B.C. Premier John Horgan says the Coastal GasLink (CGL) pipeline will get built even with opposition from Wet’suwet’en hereditary chiefs and protesters along the pipeline route.
Speaking to reporters for the first time since tensions flared up in Northern B.C., Horgan said the communities must abide by a ruling from the B.C. Supreme Court giving CGL the right to complete the project.
“The rule of law applies in British Columbia,” Horgan said.
“All the permits are in place for the project and the project will be proceeding.”
The Wet’suwet’en have presented CGL with an eviction notice asking them to get off the land. The hereditary chiefs have been adamant they are going to uphold Wet’suwet’en law.
WATCH (aired January 8): Growing tensions in northern B.C. over pipeline project
Community members and protesters continue to occupy Unist’ot’en house in an attempt to keep workers off the land.
“They are the title holders of these lands, so until they give any express consent or permission we won’t allow trespassers back into the territory,” Unist’ot’en house member Karla Tait said last week.
But the B.C. government says 20 Indigenous communities have supported the project along the route, including the elected chiefs from the Wet’suwet’en.
WATCH (aired January 11): Show of support for Wet’suwet’en protesters in downtown Vancouver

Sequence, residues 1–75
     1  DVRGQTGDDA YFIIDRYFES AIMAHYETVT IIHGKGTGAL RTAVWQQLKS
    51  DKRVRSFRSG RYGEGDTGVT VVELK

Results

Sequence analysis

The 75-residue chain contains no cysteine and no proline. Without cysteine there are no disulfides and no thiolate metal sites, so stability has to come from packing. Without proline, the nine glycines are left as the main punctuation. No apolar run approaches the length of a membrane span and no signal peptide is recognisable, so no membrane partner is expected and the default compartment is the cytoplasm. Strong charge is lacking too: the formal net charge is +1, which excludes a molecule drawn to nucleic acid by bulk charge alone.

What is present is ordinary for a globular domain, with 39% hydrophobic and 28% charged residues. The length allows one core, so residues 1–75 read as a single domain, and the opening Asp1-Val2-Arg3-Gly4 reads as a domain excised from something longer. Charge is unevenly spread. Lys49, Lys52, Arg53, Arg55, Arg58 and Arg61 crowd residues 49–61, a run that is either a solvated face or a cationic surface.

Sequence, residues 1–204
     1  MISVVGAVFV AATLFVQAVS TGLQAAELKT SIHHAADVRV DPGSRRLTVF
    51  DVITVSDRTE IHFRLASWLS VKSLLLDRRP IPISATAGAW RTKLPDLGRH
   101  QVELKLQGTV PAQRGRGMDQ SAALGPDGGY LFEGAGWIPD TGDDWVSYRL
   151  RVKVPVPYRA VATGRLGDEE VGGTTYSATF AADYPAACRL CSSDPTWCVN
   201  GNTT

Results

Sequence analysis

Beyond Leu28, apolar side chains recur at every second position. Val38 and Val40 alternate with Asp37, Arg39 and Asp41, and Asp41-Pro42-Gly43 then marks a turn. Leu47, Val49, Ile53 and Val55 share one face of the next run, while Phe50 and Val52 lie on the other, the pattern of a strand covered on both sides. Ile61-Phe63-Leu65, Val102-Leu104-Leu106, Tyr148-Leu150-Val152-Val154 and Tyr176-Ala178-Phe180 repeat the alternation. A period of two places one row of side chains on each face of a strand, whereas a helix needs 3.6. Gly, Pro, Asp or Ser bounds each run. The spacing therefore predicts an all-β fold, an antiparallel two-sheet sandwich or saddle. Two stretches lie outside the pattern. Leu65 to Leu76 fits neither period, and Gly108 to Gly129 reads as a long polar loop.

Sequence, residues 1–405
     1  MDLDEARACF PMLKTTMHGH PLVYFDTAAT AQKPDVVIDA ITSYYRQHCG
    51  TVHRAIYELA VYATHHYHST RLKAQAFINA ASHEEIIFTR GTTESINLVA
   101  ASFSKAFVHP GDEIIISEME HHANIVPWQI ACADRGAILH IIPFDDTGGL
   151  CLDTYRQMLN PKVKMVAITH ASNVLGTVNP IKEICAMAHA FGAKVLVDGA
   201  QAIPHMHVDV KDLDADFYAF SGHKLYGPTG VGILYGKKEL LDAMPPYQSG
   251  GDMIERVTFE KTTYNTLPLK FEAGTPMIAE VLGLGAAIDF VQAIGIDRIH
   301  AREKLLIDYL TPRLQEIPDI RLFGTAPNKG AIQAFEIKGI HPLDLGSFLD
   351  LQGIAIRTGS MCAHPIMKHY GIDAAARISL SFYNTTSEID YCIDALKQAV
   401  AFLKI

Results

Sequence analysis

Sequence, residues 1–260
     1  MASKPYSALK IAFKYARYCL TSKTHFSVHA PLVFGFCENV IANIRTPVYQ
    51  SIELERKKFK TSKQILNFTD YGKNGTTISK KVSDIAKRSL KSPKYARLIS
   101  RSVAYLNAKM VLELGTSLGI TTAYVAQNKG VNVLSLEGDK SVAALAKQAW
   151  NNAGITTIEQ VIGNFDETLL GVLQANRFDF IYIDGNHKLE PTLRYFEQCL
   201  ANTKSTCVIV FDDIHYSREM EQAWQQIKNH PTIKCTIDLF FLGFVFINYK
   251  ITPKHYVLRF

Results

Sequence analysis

When asked if Horgan believes the hereditary chiefs have the power to the stop the project, he says he doesn’t think so.
“I don’t believe they do and more important the courts don’t either,” Horgan said. “In this instance the courts have determined this project can proceed and it will proceed.
“We want to see British Columbians sharing in the wealth of our great province. We want to see everyone prospering. We want to see an environment protected for future generations.”
Prime Minister Justin Trudeau was also asked about the ongoing tensions near Houston, B.C. in an interview with Global National host Dawna Friesen on Monday. Trudeau says he wants the dispute to be dealt with by the B.C. government.
“It is well being taken care of by the provincial government, but obviously we all have a role to play and the path forward on reconciliation,” Trudeau said.
“I think right now it is a provincial government engagement with them that is happening as it is appropriate. It’s a provincial project and provincial processes. But of course, the federal government will continue to engage.”
Trudeau was also asked about whose opinion should be listened to: the hereditary chiefs or the elected chiefs. Trudeau says it’s not a simple answer.
“When you have an elected band council that has signed agreements with with various entities, corporations and governments, that has a certain weight to it,” Trudeau said.
“But there needs to be a reflection on who speaks entirely, or who speaks in part, for different parts of the community. And that’s part of the process that we are working out together as as must be but with them leading on this.”